Superstar winner Ben Forster has claimed that musical theatre talent shows on television can help professional performers “stay in the game”.
The performer, who trained at Italia Conti before landing a role in the West End production of La Cava, said shows such as ITV’s Superstar and the BBC’s Any Dream Will Do can help existing talent, at a time when musical theatre is becoming more commercial.
Forster, who has also appeared in Thriller Live, said: “I have done quite a lot of theatre. I did not go into this competition [Superstar] as an amateur, I went in as a professional. But musical theatre is becoming more commercial and is a different thing than it was ten years ago. So I think to stay in the game, to stay fresh and on top of your career, a move like this could work.”
He added: “It was a really big risk, and it is hard putting yourself in that situation as a professional person. But I am really glad I took it and it paid off. In a difficult world we all need to raise our games and our profiles in any way we can.”
However, Forster admitted that appearing on the ITV series had been “a full on experience” and added he had never felt pressure like it before.
After winning the series, the performer will appear as Jesus in a new touring production of Andrew Lloyd Webber’s Jesus Christ Superstar, which will tour arenas around the UK and Ireland from September.
He will join Melanie C as Mary, Tim Minchin as Judas and Chris Moyles as Herod.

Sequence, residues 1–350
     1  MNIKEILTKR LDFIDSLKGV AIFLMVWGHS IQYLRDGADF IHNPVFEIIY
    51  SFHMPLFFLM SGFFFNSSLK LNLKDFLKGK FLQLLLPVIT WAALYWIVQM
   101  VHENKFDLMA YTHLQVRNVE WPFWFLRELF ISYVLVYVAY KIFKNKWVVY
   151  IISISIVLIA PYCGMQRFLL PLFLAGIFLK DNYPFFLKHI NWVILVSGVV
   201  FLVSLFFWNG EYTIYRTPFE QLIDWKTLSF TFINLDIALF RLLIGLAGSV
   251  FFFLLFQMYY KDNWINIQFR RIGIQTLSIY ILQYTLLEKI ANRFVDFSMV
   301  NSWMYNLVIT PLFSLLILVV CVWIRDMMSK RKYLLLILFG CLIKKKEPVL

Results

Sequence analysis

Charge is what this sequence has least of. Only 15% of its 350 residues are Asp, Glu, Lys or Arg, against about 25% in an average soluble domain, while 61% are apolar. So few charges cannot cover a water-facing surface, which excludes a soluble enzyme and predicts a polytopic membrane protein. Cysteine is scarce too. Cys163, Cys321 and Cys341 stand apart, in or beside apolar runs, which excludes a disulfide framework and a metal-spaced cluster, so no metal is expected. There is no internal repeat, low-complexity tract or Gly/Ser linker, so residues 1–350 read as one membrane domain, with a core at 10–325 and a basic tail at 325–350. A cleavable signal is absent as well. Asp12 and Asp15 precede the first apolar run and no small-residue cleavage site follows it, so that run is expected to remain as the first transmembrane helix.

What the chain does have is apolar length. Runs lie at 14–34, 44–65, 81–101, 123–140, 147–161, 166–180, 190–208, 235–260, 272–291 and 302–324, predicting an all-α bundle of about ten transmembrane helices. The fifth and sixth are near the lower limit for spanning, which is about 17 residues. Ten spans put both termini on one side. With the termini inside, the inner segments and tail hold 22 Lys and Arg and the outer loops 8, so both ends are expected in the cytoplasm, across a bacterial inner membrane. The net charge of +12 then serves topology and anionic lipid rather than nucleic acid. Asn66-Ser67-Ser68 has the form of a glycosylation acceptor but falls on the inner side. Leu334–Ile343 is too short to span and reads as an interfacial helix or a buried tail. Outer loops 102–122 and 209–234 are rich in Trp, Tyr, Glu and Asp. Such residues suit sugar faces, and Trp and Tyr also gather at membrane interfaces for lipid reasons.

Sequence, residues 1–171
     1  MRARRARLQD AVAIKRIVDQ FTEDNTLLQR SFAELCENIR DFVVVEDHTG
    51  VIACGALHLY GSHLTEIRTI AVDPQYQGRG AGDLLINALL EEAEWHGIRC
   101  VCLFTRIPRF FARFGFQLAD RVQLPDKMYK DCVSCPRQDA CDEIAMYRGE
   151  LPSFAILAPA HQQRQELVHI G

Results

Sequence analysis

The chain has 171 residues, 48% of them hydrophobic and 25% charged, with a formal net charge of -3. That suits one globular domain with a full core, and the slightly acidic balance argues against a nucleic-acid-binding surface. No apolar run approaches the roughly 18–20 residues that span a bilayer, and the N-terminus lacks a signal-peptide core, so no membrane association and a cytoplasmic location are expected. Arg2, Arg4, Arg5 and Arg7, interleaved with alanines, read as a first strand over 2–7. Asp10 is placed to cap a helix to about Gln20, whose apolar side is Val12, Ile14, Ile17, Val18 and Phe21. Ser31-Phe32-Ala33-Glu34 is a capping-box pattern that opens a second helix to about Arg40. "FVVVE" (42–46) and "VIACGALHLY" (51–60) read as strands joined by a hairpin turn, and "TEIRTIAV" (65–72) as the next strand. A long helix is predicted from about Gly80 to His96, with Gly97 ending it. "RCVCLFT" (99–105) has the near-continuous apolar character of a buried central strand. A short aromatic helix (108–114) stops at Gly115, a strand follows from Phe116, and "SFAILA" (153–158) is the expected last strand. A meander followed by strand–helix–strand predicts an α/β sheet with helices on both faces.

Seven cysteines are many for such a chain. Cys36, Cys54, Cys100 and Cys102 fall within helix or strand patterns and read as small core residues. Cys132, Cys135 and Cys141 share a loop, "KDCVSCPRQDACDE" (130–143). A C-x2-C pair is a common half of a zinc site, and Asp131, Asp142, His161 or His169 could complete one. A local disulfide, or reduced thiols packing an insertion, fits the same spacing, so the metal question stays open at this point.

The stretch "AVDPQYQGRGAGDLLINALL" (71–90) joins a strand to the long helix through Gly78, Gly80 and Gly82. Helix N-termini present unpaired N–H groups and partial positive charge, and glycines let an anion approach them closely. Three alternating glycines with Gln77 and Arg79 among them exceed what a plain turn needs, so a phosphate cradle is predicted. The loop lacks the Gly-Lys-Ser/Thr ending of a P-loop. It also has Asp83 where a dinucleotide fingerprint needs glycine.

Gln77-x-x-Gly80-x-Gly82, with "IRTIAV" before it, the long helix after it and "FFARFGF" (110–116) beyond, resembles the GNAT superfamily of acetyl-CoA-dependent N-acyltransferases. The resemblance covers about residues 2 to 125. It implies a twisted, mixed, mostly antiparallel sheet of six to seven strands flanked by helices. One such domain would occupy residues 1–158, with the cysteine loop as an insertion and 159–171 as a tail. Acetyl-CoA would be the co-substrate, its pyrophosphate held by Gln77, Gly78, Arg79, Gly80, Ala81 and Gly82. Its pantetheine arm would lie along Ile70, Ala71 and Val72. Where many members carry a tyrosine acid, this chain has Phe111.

Speaking to The Stage, Forster defended his co-stars from people who have criticised the casting of the musical, and said Mel C “has a passion for this show” and has “perfected her craft” over the last ten years.
Forster added that Minchin “really wanted” to play Judas, and said: “I share that passion for this role and the show. You have three leading people, and I am sure Chris feels the same too, who want this production to be brilliant.”
The actor also defended Superstar from critics who have questioned its place in the musical theatre landscape.
Prior to last night’s final, Gavin and Stacey star Joanna Page hit out at the quality of the contestants on the series, and labeled the show “insulting” to professional performers.
But Forster said: “I think in any industry there are people who will criticise one thing and like another. But I am the kind of person who thinks that anything that can promote anyone trying to do something positive is a good thing. We are living in a world full of negative crap, and sometimes, through entertainment, we can make people happy.”